A-list celebs come out in support of child refugees
Helen Mirren, Patrick Stewart, Coldplay and Kate Moss are among a group of 70 celebrities who have signed an open letter demanding that the British government do more to create safe and legal routes for refugee families to reunite in the UK.
Current rules mean only adult refugees are able to apply for spouses or children under the age of 18 to join them in the UK. Refugee children, however, are not eligible to apply for their own parents or siblings over the age of 18 to reunite with them in the country.
Backed by dozens of celebrities – from actors and musicians to models and football stars also including Ware, actors Chiwetel Ejiofor, Vanessa Redgrave, Joanna Lumley and Olivia Colman, former footballer Gary Lineker and writer and presenter Stephen Fry – a new petition seeks to change the law.
Launched by the Families Together coalition, which includes Amnesty International UK, the UN Refugee Agency, Refugee Council and the British Red Cross, the petition calls on the British government to make it easier for refugee children to be reunited with their loved ones in the UK.
In one story published by Families Together, Merhawi Hagos, an 18-year-old refugee from Eritrea who came to the UK after being separated from his mother at the age of 14, said that life without his family members has become unbearable.
With his family still forced to remain at a refugee camp in Ethiopia, Hagos said: “I have found the experience of living without a family to be unbearable…I cannot plan, I cannot focus on my work or studies. I feel lonely and depressed and do not sleep well.”
In an interview with The Guardian newspaper ex-footballer Gary Lineker said he believed that making the “simple change to the rules could be transformational” for families like Hagos’s.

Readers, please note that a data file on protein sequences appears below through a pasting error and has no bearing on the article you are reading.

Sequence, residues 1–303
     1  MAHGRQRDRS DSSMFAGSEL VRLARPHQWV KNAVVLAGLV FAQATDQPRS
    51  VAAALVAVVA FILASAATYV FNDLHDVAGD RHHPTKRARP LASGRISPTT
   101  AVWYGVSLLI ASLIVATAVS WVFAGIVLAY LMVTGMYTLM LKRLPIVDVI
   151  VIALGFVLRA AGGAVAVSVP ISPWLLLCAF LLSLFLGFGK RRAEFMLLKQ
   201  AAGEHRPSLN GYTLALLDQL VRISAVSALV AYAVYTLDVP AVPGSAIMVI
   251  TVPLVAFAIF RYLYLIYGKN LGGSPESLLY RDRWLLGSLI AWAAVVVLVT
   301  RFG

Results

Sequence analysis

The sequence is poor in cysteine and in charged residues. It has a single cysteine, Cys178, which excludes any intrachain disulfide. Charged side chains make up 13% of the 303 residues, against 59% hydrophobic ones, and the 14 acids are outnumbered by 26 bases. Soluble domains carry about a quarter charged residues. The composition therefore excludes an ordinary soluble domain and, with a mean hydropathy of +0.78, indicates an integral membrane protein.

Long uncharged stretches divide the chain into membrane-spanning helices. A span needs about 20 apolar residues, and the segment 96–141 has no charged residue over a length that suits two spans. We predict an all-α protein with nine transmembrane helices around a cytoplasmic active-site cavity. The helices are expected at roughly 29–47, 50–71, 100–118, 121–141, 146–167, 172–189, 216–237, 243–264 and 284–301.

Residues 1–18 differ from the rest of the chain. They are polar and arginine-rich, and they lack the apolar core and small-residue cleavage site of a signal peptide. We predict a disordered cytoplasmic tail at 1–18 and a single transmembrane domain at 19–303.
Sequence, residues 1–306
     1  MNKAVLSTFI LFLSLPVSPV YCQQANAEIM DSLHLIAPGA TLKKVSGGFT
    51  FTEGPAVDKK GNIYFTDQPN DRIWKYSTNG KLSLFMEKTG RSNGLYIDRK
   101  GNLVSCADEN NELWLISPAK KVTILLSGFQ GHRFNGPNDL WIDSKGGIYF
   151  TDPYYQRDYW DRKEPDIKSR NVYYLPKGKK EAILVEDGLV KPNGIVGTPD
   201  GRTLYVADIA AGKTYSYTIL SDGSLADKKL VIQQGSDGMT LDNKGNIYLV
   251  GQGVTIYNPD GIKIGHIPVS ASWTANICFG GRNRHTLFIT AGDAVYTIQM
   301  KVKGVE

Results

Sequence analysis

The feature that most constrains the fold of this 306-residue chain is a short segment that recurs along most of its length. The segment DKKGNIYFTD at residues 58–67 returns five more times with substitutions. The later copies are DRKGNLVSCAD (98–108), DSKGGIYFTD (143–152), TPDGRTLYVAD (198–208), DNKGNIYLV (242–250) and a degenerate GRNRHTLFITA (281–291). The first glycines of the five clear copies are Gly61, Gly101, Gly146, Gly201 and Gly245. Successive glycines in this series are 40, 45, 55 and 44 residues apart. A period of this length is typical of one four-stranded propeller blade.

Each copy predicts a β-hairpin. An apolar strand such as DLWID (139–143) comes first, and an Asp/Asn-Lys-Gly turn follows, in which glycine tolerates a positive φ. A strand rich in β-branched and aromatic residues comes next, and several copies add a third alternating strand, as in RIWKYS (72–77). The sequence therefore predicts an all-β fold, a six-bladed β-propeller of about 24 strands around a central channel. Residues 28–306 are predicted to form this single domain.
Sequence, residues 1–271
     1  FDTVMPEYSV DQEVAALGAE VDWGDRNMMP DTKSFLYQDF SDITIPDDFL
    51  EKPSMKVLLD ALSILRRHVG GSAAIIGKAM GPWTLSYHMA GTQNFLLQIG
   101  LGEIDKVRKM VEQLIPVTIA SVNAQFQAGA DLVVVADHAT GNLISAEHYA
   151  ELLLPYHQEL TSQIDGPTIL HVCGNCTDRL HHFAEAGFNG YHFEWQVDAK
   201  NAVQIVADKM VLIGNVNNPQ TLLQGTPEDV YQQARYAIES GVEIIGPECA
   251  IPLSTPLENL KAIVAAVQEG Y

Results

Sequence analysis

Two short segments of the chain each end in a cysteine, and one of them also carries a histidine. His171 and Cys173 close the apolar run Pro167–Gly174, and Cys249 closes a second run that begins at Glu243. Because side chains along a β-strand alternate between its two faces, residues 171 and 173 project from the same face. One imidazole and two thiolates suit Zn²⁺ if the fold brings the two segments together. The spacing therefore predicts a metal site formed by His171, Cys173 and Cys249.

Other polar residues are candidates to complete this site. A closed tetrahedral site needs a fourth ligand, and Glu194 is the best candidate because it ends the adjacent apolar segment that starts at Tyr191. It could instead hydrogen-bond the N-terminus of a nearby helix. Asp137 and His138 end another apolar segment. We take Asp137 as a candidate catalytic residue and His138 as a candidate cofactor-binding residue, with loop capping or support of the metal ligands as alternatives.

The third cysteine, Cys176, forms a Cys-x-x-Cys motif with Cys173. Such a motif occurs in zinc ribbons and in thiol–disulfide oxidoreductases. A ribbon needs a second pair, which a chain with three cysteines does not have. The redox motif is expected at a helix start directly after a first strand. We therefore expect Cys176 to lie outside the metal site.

“There are children in the UK right now who have fled war and persecution and have no hope of seeing their parents or siblings again. “We should be offering them support and compassion,” Mr Lineker said,
The petition comes as controversies rages over the issue of migration to the UK, with the country seeing a rise this year in the arrival of migrants and asylum seekers traveling by boat.
So far, nearly 7,000 migrants and asylum seekers have arrived in the country after crossing the English Channel in small boats, with the number being three times that of arrivals throughout 2019, according to reports.
Humanitarian groups have been advocating for safe and legal routes for migrants and asylum seekers into the UK without having to risk the dangerous sea journeys. But the UK government has maintained a hardline approach on immigration.
The UK’s Home Office, which oversees migration, dismissed the possibility of allowing children to sponsor their parents to come to the UK, citing the potential for criminal gangs to split families and send children on dangerous journeys alone.
The British government already provides a “safe and legal route to bring families together through its refugee family reunion policy”, the Home Office said.